Burn Injuries Caused By E-Cigarette Explosions: A Systematic Review Of Published Cases

ASU Author/Contributor (non-ASU co-authors, if there are any, appear on document)
Christopher Seitz PhD., Assistant Professor (Creator)
Appalachian State University (ASU )
Web Site: https://library.appstate.edu/

Abstract: E-cigarettes have the potential to cause burns from batteries that explode. Although e-cigarette explosion burns have been reported by the media (e.g. local online news, blogs), there is a need for a comprehensive review of published medical case reports regarding these injuries. CINAHL and PubMed were systematically searched using common terms regarding e-cigarettes (electronic cigarette, e-cigarette, vape, vaping, electronic nicotine delivery systems) in every combination with the term ‘explosion’. Peer-reviewed articles were included if they: were written in English, described case reports of burn injuries caused by e-cigarette explosions, and were published in any year. Cases were categorized by demographics, location of the e-cigarette explosion, burned body areas, types of burns, total body surface area of burns, the need for skin grafting, and the length of hospital stay. Thirty-one articles were included in the review and described 164 cases. Most patients (90%) were male and between 20 to 29 years old. In the majority of cases (65%), e-cigarettes exploded in pockets, compared to exploding in the face or hand. Common burned areas included the thigh, hand, genitals, and face. Burn severity was typically second-degree burns (35%) or a combination of second-degree and third-degree burns (20%). In all, 48 patients required skin grafting, with 19 reporting a median hospital stay of 5 days. This review has several implications, including the need for regulation of batteries, education regarding battery safety, and leveraging images of the severity of e-cigarette explosion burns to discourage the use of e-cigarettes.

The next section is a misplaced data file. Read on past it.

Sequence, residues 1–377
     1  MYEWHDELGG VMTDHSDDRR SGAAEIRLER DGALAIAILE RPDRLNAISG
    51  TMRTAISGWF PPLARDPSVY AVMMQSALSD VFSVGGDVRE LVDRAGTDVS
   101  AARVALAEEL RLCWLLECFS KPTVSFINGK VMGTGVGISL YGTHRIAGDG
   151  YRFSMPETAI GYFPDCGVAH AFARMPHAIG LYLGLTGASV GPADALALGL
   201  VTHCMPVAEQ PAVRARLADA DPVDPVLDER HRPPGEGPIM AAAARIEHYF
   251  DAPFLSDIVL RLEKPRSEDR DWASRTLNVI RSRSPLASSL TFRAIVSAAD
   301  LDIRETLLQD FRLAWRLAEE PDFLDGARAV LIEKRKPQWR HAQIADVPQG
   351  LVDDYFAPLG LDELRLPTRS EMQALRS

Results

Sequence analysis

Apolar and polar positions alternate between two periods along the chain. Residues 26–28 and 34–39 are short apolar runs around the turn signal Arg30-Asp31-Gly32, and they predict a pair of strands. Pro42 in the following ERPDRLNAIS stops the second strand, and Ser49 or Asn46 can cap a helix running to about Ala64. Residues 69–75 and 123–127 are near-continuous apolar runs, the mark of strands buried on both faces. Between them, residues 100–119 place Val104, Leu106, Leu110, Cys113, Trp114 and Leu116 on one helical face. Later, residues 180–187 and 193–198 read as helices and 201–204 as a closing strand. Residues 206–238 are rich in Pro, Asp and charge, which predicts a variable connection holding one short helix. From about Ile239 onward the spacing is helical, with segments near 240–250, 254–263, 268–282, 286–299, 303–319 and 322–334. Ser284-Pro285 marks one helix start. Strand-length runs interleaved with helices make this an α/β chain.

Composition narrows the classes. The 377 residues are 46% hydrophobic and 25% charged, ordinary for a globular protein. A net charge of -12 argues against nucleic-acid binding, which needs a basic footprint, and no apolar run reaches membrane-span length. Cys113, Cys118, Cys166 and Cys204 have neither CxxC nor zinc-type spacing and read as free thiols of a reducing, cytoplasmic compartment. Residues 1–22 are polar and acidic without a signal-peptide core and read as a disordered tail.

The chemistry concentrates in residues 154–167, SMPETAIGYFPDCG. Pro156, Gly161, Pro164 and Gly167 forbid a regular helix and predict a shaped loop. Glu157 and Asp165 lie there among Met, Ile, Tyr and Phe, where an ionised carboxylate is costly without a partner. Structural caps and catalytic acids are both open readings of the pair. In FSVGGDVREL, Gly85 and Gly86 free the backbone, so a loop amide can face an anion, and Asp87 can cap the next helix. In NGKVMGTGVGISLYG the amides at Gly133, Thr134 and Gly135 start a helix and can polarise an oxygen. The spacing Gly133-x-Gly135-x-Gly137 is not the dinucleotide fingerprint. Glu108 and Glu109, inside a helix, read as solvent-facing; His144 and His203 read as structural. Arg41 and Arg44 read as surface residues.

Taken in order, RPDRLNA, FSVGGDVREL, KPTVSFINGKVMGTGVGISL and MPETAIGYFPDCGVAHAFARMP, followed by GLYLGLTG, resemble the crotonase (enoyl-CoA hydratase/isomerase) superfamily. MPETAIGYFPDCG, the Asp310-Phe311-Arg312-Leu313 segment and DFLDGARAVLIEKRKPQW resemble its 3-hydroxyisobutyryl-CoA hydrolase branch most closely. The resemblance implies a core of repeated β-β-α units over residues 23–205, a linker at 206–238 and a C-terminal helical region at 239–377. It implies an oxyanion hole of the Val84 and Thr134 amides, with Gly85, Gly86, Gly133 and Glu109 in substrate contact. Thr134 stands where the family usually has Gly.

Additional Information

Seitz, C. M., Kabir, Z. (2018). Burn injuries caused by e-cigarette explosions: A systematic review of published cases. Tobacco Prevention & Cessation, 4 (September), 32. doi:10.18332/tpc/94664. Publisher version of record available at: https://doi.org/10.18332/tpc/94664
Language: English
Date: 2018
burn, injury, explosion, e-cigarettes

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